Despite an increased focus worldwide, many organizations still struggle with employee engagement. Deloitte University Press recently published its Global Human Capital Trends 2015 report, which found that “87 percent of organizations cite culture and engagement as one of their top challenges.”
This is a challenge worth solving, and not just because building an engaging company culture is ‘the right thing to do.’ There are massive costs associated with poor employee engagement. Some of those costs are clear as day, but a surprising number of these costs aren’t immediately obvious.
Here are just three of the many unexpected costs of poor employee engagement that could be adding up as you read:
Poor engagement is contagious, and it doesn’t just spread from colleague to colleague. Employees naturally exude their level of emotional commitment to an organization and its goals. It’s nearly impossible to fake. When customers interact with a disengaged employee, they’re not experiencing the best an organization has to offer. In some cases, they’re experiencing the very worst.
Think back to the last time you interacted with a visibly disengaged employee: did that interaction inspire an emotional connection to their organization?
Now think back to the last time you interacted with a genuinely engaged employee. In most cases, the difference in your experience as a customer is dramatic.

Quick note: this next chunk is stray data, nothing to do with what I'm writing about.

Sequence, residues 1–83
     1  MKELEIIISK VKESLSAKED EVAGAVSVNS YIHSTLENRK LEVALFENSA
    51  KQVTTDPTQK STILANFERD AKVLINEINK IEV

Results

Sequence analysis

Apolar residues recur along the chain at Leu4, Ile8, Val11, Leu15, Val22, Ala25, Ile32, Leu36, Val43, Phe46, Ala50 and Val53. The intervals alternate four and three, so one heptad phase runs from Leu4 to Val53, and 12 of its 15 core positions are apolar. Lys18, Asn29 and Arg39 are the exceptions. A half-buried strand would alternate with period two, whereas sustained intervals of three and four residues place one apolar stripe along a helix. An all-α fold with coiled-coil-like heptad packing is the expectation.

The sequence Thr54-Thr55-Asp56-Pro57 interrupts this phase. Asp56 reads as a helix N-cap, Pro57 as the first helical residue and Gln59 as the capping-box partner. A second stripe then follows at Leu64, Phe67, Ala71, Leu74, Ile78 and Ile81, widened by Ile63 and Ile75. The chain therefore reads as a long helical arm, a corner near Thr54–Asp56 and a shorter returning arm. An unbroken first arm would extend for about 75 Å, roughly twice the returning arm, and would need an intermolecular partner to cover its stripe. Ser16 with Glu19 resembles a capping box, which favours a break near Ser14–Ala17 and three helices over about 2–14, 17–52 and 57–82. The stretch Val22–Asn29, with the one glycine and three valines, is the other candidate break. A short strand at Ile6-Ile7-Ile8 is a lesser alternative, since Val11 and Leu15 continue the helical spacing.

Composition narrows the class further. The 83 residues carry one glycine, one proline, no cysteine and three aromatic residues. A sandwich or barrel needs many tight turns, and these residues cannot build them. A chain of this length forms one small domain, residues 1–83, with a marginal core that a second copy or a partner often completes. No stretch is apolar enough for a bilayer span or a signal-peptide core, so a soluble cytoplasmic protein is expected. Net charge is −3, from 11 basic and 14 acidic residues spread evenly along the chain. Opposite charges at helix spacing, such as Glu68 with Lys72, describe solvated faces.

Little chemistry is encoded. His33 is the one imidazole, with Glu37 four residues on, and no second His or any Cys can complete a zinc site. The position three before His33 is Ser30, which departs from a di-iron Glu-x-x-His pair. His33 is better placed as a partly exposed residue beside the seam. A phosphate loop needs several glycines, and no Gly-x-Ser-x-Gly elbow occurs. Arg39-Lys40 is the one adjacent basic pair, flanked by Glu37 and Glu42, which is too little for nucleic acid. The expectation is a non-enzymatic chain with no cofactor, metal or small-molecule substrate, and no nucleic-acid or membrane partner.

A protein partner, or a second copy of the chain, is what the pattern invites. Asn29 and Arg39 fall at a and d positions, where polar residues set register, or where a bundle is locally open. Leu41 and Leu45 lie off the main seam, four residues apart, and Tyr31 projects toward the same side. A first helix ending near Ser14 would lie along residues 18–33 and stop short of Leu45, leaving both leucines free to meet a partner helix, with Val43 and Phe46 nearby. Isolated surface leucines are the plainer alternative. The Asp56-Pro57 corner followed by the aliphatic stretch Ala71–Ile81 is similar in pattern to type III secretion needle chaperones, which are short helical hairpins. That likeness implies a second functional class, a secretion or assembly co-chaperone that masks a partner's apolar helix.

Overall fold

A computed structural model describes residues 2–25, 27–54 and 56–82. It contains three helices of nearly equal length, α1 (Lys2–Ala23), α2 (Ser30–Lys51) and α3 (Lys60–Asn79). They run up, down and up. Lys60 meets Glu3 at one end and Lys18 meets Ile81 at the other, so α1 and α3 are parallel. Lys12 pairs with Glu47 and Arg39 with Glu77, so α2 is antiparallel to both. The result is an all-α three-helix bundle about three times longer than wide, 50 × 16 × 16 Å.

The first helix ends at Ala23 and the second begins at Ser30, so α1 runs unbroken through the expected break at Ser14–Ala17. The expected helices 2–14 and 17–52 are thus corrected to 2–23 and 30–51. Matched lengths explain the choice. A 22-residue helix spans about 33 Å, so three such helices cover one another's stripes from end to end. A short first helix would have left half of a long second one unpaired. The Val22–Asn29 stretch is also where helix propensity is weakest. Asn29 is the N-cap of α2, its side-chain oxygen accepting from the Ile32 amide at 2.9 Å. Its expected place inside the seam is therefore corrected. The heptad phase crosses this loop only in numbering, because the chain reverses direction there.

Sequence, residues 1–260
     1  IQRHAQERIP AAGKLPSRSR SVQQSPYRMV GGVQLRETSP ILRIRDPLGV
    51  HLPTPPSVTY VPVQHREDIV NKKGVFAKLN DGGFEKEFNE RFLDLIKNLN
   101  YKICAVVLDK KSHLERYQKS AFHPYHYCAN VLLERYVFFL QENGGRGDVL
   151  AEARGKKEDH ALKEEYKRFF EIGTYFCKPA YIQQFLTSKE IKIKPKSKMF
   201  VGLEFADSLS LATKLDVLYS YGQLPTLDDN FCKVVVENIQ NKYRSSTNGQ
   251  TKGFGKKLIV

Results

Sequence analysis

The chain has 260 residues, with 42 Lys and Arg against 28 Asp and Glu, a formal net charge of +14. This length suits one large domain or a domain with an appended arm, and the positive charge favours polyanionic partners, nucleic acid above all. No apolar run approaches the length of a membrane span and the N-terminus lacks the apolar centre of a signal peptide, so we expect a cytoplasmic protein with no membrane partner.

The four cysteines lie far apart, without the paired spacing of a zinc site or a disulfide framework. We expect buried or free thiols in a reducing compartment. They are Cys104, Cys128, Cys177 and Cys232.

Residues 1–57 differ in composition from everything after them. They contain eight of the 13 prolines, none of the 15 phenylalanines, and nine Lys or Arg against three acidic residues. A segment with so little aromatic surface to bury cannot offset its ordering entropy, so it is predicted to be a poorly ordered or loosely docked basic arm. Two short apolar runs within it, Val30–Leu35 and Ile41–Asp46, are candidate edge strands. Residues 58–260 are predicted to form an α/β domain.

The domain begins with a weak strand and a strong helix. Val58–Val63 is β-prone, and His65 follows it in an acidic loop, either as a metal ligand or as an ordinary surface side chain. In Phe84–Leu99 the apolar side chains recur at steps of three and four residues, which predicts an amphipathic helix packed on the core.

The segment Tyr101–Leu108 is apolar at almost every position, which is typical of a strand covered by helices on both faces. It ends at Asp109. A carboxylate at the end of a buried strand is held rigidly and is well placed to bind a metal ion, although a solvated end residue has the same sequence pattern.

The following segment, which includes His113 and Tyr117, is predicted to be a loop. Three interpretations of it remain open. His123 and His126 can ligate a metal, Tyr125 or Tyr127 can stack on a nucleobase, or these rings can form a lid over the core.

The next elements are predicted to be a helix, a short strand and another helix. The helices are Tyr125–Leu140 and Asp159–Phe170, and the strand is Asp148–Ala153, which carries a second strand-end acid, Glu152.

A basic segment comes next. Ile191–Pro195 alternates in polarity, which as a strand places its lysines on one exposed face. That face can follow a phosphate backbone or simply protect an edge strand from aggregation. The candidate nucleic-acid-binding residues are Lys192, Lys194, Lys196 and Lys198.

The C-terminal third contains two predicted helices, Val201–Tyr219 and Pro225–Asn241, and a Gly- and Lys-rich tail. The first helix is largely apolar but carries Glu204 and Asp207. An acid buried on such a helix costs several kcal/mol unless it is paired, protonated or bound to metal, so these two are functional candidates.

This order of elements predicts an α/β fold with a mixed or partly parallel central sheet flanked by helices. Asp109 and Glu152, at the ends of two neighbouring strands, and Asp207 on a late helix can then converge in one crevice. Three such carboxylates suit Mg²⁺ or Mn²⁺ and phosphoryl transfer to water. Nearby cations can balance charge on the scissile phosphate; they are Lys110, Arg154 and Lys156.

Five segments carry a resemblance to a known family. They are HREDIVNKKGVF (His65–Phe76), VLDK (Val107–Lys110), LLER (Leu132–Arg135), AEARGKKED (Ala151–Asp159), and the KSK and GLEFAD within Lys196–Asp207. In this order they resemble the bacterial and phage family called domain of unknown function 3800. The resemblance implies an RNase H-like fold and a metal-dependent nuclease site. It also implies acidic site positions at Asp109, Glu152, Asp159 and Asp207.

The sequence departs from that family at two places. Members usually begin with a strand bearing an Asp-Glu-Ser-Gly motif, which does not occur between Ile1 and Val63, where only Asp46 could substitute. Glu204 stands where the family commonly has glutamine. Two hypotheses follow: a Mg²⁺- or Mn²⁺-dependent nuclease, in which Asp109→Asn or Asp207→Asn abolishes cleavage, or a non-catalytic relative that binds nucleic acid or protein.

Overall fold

The effects of poor engagement aren’t limited to companies with customer-facing employees either. Recent research by SHRM shows that employee engagement has a considerable effect on safety incidents as well.
In addition to the potential costs of breakage and property damage involved with safety incidents, the costs to an organization skyrocket if someone is injured.
Their lost productivity is compounded by the additional workload and stress shouldered by the rest of the team. You’re not just losing the productivity of one employee during an unplanned absence; you’re losing the productivity of several.
There’s a noteworthy difference between taking a planned vacation, and unplanned absences.
Planned paid time off is valuable for both employers and employees. Employees get the time they need to to participate in fulfilling activities, or spend quality time with friends and family. Employers get a well-rested employee, ready to take on their tasks with renewed vigor and enthusiasm. Because it’s being planned in advance, the logistical challenges posed by employee’s absence are much smaller. It’s a welcome trade-off.
Unplanned absences are considerably more costly. A recent SHRM report found that “Unplanned absences led to the greatest perceived productivity loss compared to planned and extended absences.” These costs include but aren’t limited to morale damage, increased workload, additional training costs, and decreased quality of work.
Whether an unplanned absence is caused by a safety incident, or a deliberate choice to avoid the work environment, it’s less likely to occur in highly engaged employees.
You can mitigate, and even eliminate many of these costs with an effective employee engagement strategy, and that strategy is largely dependent on strong leadership.
As the Deloitte report explains, “Engagement starts at the top.”
To enact any meaningful change in employee engagement, it takes a leadership team willing to implement an employee engagement program, measure its effects, and take action based on those learnings.
How are you working to build and support engagement in your organization?